Shackled By Debt

I’m late on writing this week’s post up. This is largely the fault of what happened at the weekend. All told, we’re still doing pretty well, and in fact, a really nice thing happened that has more or less caused me to forget we can’t leave the house because I haven’t wanted to. You see, a number of my friends had a whip-round for my birthday, and, as a belated gift, got me a Nintendo Switch.

I am, needless to say, very touched.

The reason for this (aside from my friends being very lovely), and for the subject of this post, takes a little explaining. On the very day this lockdown began in the UK, a game called Animal Crossing: New Horizons was released for the switch. It could not have been more tailor-made for this if it had tried, as it’s basically a nice, happy little game about designing a small virtual island full of happy little animals. And while it can be played solo, it is vastly improved by the fact that friends can visit one another’s islands, and generally cooperate.

Miranda has been playing it from day one, while hanging out on Discord with friends, visiting one another’s islands, and generally having a disgustingly wholesome time. Their discord chatter has been full of “I can make that for you” and “Oh, I love your outfit” and so on. A complete 180 on the normal gamer abuse one might link with Call of Duty.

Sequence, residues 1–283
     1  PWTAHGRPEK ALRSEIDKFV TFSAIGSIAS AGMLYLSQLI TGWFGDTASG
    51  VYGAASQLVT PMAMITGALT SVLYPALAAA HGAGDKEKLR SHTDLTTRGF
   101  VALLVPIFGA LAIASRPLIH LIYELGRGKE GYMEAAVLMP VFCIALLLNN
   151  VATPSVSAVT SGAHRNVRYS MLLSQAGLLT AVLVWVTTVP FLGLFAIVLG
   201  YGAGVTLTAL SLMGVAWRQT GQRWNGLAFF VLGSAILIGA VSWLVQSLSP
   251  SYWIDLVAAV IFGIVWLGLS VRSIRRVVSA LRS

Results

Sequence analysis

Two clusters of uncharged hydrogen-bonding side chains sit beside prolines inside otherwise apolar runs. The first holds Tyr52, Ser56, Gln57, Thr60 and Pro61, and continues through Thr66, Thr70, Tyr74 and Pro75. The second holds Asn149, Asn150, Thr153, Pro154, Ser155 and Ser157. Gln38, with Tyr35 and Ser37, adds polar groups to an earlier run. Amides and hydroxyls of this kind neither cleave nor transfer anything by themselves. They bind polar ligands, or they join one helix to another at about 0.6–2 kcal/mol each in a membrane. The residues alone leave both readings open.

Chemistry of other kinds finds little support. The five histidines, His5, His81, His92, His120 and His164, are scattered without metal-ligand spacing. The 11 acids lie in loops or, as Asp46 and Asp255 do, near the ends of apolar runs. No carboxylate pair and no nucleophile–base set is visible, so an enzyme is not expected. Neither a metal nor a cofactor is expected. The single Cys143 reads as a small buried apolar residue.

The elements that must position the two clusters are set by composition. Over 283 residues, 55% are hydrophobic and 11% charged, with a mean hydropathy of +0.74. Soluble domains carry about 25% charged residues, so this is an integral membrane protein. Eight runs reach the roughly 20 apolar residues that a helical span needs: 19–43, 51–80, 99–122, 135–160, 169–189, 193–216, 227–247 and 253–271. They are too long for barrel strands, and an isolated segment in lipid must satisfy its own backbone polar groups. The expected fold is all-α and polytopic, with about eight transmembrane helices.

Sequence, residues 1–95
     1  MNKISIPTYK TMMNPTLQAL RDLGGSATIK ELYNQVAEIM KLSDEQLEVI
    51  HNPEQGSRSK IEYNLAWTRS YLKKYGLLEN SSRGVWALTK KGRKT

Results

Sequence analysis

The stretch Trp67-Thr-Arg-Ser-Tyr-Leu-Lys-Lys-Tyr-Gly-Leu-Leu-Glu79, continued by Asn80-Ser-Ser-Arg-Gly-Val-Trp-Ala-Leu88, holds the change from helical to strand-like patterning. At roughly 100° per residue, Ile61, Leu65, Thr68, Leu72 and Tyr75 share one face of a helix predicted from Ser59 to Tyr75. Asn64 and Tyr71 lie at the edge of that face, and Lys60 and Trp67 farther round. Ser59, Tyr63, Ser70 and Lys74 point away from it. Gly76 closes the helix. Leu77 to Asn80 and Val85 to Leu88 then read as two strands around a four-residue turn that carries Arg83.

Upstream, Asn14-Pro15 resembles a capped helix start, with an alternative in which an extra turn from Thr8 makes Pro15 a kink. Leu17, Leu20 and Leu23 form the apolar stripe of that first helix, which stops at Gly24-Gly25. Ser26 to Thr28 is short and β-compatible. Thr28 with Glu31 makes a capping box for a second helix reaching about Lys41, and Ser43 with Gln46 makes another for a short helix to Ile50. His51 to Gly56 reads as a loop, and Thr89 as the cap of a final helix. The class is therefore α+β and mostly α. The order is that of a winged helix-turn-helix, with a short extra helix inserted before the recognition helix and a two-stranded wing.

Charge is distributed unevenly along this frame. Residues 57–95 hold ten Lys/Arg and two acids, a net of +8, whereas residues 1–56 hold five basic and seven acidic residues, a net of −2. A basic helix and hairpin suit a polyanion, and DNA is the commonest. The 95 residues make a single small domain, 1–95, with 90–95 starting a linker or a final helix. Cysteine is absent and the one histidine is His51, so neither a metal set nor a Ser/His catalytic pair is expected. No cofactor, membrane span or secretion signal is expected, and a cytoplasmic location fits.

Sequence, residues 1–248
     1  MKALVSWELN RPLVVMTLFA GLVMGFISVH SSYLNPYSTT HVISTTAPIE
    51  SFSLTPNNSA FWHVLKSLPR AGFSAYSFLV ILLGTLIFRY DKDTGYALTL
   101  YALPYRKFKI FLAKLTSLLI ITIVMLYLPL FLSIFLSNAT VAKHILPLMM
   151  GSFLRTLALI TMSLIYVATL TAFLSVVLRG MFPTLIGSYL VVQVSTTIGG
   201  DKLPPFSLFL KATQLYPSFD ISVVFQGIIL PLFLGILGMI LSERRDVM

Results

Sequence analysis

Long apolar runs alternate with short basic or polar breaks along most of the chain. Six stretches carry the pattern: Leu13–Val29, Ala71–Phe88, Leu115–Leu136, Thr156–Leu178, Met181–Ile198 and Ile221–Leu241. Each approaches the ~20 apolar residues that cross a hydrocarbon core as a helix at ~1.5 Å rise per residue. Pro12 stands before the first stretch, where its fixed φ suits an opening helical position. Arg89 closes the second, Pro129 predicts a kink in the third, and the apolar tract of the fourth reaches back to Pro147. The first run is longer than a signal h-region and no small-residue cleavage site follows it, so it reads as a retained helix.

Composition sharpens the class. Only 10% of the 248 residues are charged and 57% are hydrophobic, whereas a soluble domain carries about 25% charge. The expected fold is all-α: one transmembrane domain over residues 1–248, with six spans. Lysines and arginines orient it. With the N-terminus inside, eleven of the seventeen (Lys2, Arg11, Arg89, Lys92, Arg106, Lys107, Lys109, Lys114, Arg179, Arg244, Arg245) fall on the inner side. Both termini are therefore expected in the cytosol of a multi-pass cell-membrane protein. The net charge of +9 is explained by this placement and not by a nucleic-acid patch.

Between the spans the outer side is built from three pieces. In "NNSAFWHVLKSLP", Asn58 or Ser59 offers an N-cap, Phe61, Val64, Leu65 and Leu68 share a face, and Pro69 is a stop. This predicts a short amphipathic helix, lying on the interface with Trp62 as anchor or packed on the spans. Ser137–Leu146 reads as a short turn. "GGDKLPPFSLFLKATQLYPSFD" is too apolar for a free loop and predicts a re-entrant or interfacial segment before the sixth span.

For the first couple of weeks, I sort of dismissed it, in all honestly. I was very happy my friends were having fun, but I was playing City of Heroes and I was coding. But one morning about three weeks back, I thought I’d have a go myself, just to see what it was like. Only to discover that the way the game is set up, only one player per switch can be the “owner” of the island, and there is only one island per switch. So if I wanted to play, I would be a second class citizen on Miranda’s island. I posted on Facebook, lamenting this. And unknown to me, my friends sprang into action.

The Switch arrived on Sunday, and honestly, every spare waking moment since then has been spent playing, as a first class citizen on my own island.

There’s a whole other post I might get around to, on the smart game mechanics, and how the designers engineered two interlocking economies designed to drive activities with high variation and a constant sense of just- one-more-thing-before-I-switch-off, but I’ll close off by explaining that a a moderately key component of the game is the constant taking of loans to improve your living situation. The game gives you very little choice in the manner, resulting in a constant sense of debt bondage to a cheery raccoon called Tom Nook, better know in this house as “the tyrant Nook”, as in “What’re you doing tonight?” “Oh, just slaving away for the tyrant Nook”.

So, that’s what I’ve been doing, and why this post is late.

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